Over the last decade, legal and corporate governance teams have found themselves being faced with doing the seemingly impossible: handling an increasing workload while seeing their resources reduced. And while they have done their best to square the circle, the result has been predictable: inefficiency and chaos, with either too few or too many people involved, and a mass of disparate and disorganised data, handled inconsistently.
However, companies are starting to realise that there is another way, a way based on automating recurring and repetitive tasks. This enables governance teams to handle higher volumes of work and do so more accurately. And crucially, given the trend towards being a business partner, it empowers them to spend more time on strategic initiatives, such as where to rationalise entities or enter new jurisdictions, potential mergers and acquisitions, or when to launch an initial public offering (IPO).
Of course, every organisation is different, and what works for one doesn’t necessarily work for another, so here are the four key drivers that we see as precipitating the move to increased automation at the corporations we work with…
1. Greater control of costs
To cope with an increasing workload, some of our clients have previously opted to increase headcount in their corporate governance teams. But this is a temporary solution to an ongoing issue, and it often works out cheaper to introduce automation to complete repetitive tasks. This doesn’t necessarily mean that fewer people are needed; it does mean that they will be freed up to focus on tasks that add value.
In addition to ‘expanding time’, automation also makes costs more predictable. Legal is a bit of a black hole – project costs and workloads can often turn out to be much higher than anticipated and human error can cause even more work and spiralling expenses. Judicious use of automation speeds up processes, increasing consistency and accuracy while enabling greater control of costs.
2. A clearer view of the work being done
As businesses grow, the governance and compliance workloads tend to grow proportionally. Unfortunately, the wider business doesn’t always acknowledge the impact this can have on their central legal and governance teams. Inevitably, these are spread more thinly, leaving them with insufficient capacity to do more than cover the basics and work reactively.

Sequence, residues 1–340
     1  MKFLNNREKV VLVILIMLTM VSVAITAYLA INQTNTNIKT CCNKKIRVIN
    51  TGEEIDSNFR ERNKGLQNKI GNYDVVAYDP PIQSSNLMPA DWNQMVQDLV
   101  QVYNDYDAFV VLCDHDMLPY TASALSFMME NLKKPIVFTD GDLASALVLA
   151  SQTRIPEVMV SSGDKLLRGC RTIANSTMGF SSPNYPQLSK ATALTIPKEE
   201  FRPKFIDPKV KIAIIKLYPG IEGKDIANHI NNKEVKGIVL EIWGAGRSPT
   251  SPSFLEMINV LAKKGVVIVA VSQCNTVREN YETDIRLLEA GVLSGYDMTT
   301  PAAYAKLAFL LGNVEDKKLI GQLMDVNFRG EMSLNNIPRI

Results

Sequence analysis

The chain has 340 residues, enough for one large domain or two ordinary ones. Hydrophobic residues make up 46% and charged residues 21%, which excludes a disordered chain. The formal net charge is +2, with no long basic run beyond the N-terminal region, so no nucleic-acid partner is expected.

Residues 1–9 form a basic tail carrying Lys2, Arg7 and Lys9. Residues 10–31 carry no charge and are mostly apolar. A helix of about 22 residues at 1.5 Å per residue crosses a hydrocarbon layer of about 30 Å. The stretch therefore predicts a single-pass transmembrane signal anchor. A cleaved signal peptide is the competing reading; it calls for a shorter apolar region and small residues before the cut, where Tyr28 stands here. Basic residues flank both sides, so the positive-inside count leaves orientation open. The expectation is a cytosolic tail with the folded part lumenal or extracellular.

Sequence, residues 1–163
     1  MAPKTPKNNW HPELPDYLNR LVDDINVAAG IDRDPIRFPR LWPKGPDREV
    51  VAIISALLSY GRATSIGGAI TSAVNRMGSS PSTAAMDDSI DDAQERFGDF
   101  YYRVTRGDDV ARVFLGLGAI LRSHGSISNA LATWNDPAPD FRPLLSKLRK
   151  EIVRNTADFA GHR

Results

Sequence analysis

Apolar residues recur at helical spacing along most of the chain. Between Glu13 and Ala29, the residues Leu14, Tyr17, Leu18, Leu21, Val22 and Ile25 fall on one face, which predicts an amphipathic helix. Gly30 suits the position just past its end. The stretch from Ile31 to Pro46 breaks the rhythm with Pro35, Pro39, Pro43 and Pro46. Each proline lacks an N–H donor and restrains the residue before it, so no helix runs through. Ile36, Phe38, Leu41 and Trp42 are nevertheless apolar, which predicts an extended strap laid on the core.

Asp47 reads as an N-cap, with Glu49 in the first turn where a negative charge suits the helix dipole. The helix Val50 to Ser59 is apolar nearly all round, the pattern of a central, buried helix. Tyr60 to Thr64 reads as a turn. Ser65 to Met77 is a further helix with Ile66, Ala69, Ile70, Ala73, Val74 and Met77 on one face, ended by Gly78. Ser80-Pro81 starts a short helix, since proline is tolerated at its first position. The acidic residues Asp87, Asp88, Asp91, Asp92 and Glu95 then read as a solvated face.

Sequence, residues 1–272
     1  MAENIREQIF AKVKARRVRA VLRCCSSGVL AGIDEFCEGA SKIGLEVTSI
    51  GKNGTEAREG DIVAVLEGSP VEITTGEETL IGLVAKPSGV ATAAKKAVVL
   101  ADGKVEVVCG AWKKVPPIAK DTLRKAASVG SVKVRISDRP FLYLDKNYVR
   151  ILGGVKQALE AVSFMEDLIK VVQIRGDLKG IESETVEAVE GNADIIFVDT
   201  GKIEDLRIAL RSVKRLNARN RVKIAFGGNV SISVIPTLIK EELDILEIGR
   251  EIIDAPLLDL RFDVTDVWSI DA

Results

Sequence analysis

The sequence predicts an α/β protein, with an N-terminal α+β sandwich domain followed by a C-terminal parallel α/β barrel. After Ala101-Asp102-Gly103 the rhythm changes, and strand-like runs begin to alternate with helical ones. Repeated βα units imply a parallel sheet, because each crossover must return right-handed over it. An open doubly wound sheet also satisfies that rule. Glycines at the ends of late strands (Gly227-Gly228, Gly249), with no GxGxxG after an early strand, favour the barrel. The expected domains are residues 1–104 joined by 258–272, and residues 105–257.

This lack of insight among the wider business can lead to inefficiency and, of course, stress and poor levels of engagement. This can in turn lead to a higher churn of staff in that function, which then will further dent efficiency to create a very negative cycle. Introducing automation can break this cycle or prevent it from forming.
3. Freeing up governance teams from doing reactive work
As corporations grow, business functions such as tax and finance start to depend more on the data managed by the legal governance function. Finance need director, entity name, address and banking information, and tax need information to help them assess the most appropriate transfer pricing routes. They naturally ask the governance team for this ad hoc information, so turning the latter into inbox managers. Ironically, the increased pressure can lead the legal and governance teams to withdraw into themselves and fall into the trap of working in a silo.
Integrating data systems into a central entity management platform provides a single source of truth for your entire corporate record – and an escape route for your legal team! Key stakeholders in other departments can then access the data they need on a self-service basis, with permissions appropriate to their level of authority. This frees up company secretaries and their colleagues to plan their own time and work more productively.
4. Handling a faster turnover of data
Business data today changes at an alarming rate – according to Opus it typically decays at a rate of 25% each year.
Keeping up with that rate of change is manageable when a company has a small corporate record, but as an organisation grows, it becomes harder to keep on top of the data. Good up-to-date business information is essential for accurate reporting and compliance. Here too, systems integration can play a key role in keeping data under control.
A blended approach
Today, we see approaches to entity management ranging from completely decentralised and chaotic to 100% centralised, efficient and integrated. But for many corporations working across a variety of jurisdictions, with different requirements and entitles with different setups, a blended approach makes the most sense.
What experience has taught us, however, is that the more efficient and streamlined a company can be about its day-to-day entity management, the better.